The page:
March 09, 2006
UCSD Offering Clinical Trials to Help Social Anxiety Disorder
The Department of Psychiatry at the University of California, San Diego (UCSD) School of Medicine is currently running three clinical trials for patients with social anxiety disorder, under the direction of Murray Stein, M.D., M.P.H., professor of psychiatry and family & preventive medicine and expert in the treatment of this common, yet sometimes emotionally crippling, anxiety disorder.
Social anxiety disorder, also known as social phobia, is not about garden-variety shyness, according to psychiatrists. The condition has been recognized as a psychiatric disorder since 1980. According to Stein, at least one in 20 individuals suffers from social anxiety disorder, which can impact a person’s choice of careers or success in relationships, school and jobs. Because people with social anxiety disorder have a tendency to avoid situations that cause intense anxiety or distress, they have difficulty attending school, engaging in sports, going on a date, or interacting with others at work.
Untreated, social phobia can lead to serious problems. Stein and colleagues have found that almost six in ten individuals with social anxiety disorder are clinically depressed, and one in four has recently been treated for substance abuse. Researchers speculate that perhaps the isolation brought on by social anxiety disorder contributes to these other disorders.
The American Psychiatric Association defines social anxiety disorder as “a marked and persistent fear of one or more social or performance situations in which the person is exposed to unfamiliar people or to possible scrutiny by others. The individual fears that he or she will act in a way (or show anxiety symptoms) that will be humiliating or embarrassing…”
When faced with a situation where others might observe them, patients with social anxiety disorder experience extreme anxiety,” said Stein. “This could take form of a panic attack, an acute episode of anxiety with symptoms such as a racing heart, skipped heartbeats, shaking, sweating and blushing.”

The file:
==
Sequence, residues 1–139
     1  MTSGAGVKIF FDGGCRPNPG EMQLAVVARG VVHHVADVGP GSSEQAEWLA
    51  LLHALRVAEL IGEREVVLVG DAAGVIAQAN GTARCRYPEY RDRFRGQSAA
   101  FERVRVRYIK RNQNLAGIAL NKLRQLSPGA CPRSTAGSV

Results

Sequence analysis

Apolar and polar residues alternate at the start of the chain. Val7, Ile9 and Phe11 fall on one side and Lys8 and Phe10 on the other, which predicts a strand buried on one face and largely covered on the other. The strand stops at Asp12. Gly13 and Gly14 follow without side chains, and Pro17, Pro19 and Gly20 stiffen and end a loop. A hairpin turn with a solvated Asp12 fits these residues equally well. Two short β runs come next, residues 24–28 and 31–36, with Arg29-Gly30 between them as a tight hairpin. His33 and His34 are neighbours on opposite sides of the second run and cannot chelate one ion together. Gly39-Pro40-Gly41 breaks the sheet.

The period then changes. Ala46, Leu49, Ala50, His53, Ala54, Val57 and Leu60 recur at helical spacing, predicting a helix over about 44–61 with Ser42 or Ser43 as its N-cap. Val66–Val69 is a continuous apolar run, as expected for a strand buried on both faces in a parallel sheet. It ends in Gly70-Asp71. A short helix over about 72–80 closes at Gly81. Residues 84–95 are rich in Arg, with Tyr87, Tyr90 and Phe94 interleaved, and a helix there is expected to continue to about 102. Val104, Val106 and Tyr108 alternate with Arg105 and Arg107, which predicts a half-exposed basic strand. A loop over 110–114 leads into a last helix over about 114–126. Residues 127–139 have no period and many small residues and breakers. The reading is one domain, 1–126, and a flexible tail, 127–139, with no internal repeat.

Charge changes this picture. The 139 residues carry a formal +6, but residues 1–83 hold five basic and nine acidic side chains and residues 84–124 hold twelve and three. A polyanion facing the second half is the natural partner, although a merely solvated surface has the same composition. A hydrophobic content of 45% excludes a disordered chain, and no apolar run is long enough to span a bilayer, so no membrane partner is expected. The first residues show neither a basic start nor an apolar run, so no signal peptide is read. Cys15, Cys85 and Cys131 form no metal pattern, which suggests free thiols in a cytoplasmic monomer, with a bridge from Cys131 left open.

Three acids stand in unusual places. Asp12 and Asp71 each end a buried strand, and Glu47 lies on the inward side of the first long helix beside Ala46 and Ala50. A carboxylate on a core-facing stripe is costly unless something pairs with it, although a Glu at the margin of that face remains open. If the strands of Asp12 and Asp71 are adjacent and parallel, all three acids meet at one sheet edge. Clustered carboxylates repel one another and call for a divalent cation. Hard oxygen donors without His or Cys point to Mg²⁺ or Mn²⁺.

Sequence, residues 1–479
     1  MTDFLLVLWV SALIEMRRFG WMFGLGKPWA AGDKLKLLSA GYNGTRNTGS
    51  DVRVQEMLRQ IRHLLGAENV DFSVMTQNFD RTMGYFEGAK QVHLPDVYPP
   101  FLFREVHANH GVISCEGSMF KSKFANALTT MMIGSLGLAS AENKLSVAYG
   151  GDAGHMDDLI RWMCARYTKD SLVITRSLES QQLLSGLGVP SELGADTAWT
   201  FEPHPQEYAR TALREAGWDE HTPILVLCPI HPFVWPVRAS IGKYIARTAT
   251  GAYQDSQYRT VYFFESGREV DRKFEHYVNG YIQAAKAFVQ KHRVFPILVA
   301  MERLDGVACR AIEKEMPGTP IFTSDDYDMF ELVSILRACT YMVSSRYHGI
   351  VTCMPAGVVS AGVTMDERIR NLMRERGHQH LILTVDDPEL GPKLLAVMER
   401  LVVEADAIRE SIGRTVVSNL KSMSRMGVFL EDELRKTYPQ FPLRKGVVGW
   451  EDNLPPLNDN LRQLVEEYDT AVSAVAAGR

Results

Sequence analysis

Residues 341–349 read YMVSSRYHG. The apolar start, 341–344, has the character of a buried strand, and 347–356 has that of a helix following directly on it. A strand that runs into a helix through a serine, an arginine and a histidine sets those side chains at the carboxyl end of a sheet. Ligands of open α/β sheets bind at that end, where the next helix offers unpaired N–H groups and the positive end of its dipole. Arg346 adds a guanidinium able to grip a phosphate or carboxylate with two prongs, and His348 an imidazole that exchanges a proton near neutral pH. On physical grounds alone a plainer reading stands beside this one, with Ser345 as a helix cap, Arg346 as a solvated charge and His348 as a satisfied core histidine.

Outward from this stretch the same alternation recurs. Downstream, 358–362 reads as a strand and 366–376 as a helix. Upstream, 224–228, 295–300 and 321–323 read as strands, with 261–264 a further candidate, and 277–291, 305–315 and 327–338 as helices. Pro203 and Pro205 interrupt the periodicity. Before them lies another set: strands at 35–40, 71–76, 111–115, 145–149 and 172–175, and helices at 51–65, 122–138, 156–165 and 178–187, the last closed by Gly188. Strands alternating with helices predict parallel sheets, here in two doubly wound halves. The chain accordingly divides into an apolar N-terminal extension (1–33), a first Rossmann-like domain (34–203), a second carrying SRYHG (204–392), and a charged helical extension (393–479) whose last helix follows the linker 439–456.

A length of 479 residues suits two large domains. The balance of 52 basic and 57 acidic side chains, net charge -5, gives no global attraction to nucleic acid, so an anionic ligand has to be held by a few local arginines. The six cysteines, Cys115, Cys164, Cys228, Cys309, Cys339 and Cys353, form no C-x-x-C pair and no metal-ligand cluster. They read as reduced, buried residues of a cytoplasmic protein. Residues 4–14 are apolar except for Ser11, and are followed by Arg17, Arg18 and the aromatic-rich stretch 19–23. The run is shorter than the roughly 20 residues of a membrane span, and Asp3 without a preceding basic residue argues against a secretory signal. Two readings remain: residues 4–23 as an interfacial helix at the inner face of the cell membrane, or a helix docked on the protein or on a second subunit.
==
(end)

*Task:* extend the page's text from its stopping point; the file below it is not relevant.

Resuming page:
Stein and his colleagues are currently directing three clinical trials that could lead to better understanding of social phobia, and perhaps better treatment for the disease.
The first, SAPIENT (Social Anxiety Pharmactherapy ImprovemENT), funded by the National Institutes of Health, is a five-year pharmacotherapy study to find out why SSRIs (selective serotonin reuptake inhibitors) – a class of antidepressant drugs including Prozac, Zoloft, Paxil, and Effexor – work in treating social phobia in some patients, but not in others. This trial will also evaluate whether a patient’s genetic makeup can predict if they will respond to SSRI treatment. An extension to the study evaluates the usefulness of self-help therapy to maintain long-term benefits of treatment.
The second study has a functional magnetic imaging (fMRI) component, which will be conducted by UCSD professor of psychiatry Martin Paulus, M.D., at UCSD’s Keck Center, home to one of the largest fMRIs in the western United States. The fMRI measures oxygenated blood flow to areas of the brain, tracking brain activity. This clinical study will be a randomized, control trial with a new class of medications called NK1 antagonists, which are being tested for their anti-anxiety properties.
The third study will look at whether a drug currently on the market for treating attention deficit hyperactivity disorders (ADHD) by working on the body’s noradrenaline system, is also useful for treating social anxiety disorder.
Patients with questions or who may be interested in participating in an appropriate clinical trial should contact the investigators at 1-877-UCSD-SHY.
Media Contact: Debra Kain, 619-543-6163, email@example.com
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